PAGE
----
Posted on January 15, 2024

Canadian Existing Home Sales Surged in December

Canadian Home Sales Surprisingly Strong in December

Statistics released today by the Canadian Real Estate Association (CREA) show national home sales were up noticeably month-over-month in December 2023. The December rise of 8.7% was one of last year’s strongest monthly performances. 

The actual (not seasonally adjusted) number of transactions was 3.7% above December 2022, the largest year-over-year gain since August. 

On an annual basis, home sales totalled 443,511 units in 2023, a decline of 11.1% from 2022. It was technically the lowest annual level for national sales activity since 2008, although it was very close to levels recorded in each of the five years following the 2008 financial crisis, as well as the first year the uninsured stress test was implemented in 2018.

CREA is forecasting a 10.4% gain in home sales this year, boosted by the expected easing of monetary policy by the Bank of Canada in the second half of 2024.

“While December did offer up a bit of a surprise in sales numbers to cap the year, the real test of the market’s resilience will be in the spring,” said Larry Cerqua, Chair of CREA.

New Listings

The number of newly listed homes dropped by 5.1% month-over-month in December, bringing them to the lowest level since June.

With sales up and new listings down in December, the national sales-to-new listings ratio tightened to 57.8% compared to just 50.5% in November. The long-term average for the national sales-to-new listings ratio is 55%.

There were 3.8 months of inventory on a national basis at the end of December 2023, down notably from 4.2 months at the end of November. The long-term average is five months of inventory.

Home Prices

The Aggregate Composite MLS® Home Price Index (HPI) declined by 0.8% month-over-month in December 2023. In line with firming market conditions, this measure was smaller than the 1% decrease recorded in November and the 0.9% decline logged in October.

Price declines of late have been predominantly located in Ontario markets, particularly the Greater Golden Horseshoe and, to a lesser extent, British Columbia. Elsewhere in Canada, prices are mostly holding firm or, in some cases (Alberta, New Brunswick, and Newfoundland and Labrador), continuing to climb. As market conditions have recently been evolving, price trends are becoming more of a mixed bag where the regional differences are less clearly defined.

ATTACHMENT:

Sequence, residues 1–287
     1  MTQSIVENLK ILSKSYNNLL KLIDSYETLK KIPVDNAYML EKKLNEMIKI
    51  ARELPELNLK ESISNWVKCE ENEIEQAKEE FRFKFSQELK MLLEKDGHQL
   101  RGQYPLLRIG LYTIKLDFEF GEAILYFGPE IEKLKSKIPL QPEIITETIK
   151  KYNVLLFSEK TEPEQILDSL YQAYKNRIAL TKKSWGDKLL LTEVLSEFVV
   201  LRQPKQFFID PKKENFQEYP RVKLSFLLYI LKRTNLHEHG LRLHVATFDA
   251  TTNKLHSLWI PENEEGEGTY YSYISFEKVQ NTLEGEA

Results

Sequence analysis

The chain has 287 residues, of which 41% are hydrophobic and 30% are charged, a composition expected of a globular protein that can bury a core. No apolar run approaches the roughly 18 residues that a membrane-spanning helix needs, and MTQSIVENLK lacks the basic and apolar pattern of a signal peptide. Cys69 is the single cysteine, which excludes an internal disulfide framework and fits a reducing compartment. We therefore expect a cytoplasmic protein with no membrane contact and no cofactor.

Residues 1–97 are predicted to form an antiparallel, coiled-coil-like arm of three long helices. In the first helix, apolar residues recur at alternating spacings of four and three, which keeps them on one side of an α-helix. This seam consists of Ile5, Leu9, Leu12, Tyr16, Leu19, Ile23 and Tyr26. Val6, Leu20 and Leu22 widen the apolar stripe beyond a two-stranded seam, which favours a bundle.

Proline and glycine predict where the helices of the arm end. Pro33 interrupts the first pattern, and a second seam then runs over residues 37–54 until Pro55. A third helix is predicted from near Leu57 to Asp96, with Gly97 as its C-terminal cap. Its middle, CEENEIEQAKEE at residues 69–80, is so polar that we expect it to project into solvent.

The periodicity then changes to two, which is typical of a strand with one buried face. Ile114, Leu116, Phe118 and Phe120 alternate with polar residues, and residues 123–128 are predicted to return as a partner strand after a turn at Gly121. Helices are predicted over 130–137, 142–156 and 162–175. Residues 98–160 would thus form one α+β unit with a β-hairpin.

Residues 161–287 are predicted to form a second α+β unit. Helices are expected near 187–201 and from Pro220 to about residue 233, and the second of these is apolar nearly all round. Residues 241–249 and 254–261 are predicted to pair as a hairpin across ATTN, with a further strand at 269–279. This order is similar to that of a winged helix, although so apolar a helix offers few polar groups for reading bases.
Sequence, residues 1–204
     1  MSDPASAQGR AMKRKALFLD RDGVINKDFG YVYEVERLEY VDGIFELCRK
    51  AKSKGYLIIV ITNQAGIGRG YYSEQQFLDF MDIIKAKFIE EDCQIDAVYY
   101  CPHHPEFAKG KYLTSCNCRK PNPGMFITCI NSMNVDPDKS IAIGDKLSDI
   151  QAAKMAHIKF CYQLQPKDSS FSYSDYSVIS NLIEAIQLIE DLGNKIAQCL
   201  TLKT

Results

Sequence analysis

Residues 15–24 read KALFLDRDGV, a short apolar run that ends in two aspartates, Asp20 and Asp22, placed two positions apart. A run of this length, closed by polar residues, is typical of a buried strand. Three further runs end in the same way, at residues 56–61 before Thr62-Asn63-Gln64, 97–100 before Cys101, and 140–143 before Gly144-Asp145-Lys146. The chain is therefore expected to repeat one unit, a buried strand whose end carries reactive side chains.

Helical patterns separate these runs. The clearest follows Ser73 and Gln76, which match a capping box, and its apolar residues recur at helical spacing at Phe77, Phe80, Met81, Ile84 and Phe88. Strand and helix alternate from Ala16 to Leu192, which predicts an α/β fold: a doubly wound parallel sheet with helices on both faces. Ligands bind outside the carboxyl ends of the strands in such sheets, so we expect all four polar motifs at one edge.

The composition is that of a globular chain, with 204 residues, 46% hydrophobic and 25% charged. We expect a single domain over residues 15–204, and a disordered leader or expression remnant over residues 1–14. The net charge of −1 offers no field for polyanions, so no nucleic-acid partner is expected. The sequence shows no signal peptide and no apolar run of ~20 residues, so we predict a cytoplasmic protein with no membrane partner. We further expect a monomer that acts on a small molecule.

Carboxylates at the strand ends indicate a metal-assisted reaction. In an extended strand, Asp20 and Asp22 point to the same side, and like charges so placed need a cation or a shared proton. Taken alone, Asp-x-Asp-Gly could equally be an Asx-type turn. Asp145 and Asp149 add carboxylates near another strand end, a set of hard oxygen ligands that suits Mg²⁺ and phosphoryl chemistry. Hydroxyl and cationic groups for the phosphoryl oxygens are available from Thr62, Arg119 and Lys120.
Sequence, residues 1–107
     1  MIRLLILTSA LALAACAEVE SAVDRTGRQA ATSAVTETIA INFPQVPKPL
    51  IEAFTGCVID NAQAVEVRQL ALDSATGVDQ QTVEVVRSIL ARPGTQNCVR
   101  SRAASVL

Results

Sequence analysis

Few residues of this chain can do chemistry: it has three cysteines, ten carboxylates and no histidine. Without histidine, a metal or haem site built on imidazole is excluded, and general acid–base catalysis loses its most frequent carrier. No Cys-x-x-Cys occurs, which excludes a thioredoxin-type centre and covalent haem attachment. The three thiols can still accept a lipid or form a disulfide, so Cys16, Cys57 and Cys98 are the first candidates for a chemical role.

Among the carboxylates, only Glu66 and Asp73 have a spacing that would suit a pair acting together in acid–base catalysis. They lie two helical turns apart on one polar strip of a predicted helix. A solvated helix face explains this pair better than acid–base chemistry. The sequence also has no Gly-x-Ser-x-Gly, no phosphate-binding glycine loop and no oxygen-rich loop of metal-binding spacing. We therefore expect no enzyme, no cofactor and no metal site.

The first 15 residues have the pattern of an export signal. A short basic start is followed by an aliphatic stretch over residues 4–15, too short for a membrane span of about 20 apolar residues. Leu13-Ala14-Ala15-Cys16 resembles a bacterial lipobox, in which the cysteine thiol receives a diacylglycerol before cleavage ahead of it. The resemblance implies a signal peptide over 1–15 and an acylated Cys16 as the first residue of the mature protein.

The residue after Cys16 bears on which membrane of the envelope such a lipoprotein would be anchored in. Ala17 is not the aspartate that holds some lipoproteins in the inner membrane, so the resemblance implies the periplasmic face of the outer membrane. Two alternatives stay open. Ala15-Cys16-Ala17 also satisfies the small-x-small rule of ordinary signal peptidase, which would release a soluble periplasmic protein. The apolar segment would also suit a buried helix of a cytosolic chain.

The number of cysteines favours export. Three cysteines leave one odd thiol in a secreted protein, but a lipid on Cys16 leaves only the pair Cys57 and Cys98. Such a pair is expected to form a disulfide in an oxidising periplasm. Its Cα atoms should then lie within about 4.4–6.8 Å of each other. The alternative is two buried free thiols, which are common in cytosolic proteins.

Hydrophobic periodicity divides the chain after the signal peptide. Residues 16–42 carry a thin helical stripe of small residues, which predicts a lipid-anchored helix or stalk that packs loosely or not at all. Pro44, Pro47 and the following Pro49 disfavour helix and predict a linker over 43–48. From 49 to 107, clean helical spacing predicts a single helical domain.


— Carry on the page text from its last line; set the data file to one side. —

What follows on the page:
The Aggregate Composite MLS® HPI was up 0.7% on a year-over-year basis in December 2023, up slightly from the 0.6% year-over-year gain in November.

CREA is forecasting modest price increases on a national basis in 2024.

Bottom Line

The Bank of Canada released its Business Outlook Survey today, showing that Canadian businesses experienced a downtrend in sales in the fourth quarter, citing factors including consumer financial stress from high interest rates and inflation. Firms report a muted sales outlook, modest investment intentions and weak hiring plans. There is also concern that upcoming mortgage renewals will further reduce consumer disposable income. The hardest hit were construction and real estate businesses–reporting that some projects have been postponed owing to high financing and construction costs and rising uncertainty.

The report said that consumer-facing firms such as retail, housing and accommodation, food and recreation need help to obtain credit. “This often reflects lenders’ expectations of continued weakening in consumer spending.”

Consumers report increasing uncertainty about the economic outlook, weighing on their spending plans. 

Tomorrow, Stats Canada will release the inflation data for December. Economists expect inflation to likely tick up last month, mainly due to base effects. This will only set off alarm bells if underlying price pressures do not ease.

Mounting evidence suggests that growth remained weak in Q4, suggesting the Bank of Canada will begin cutting interest rates by the spring home-selling season.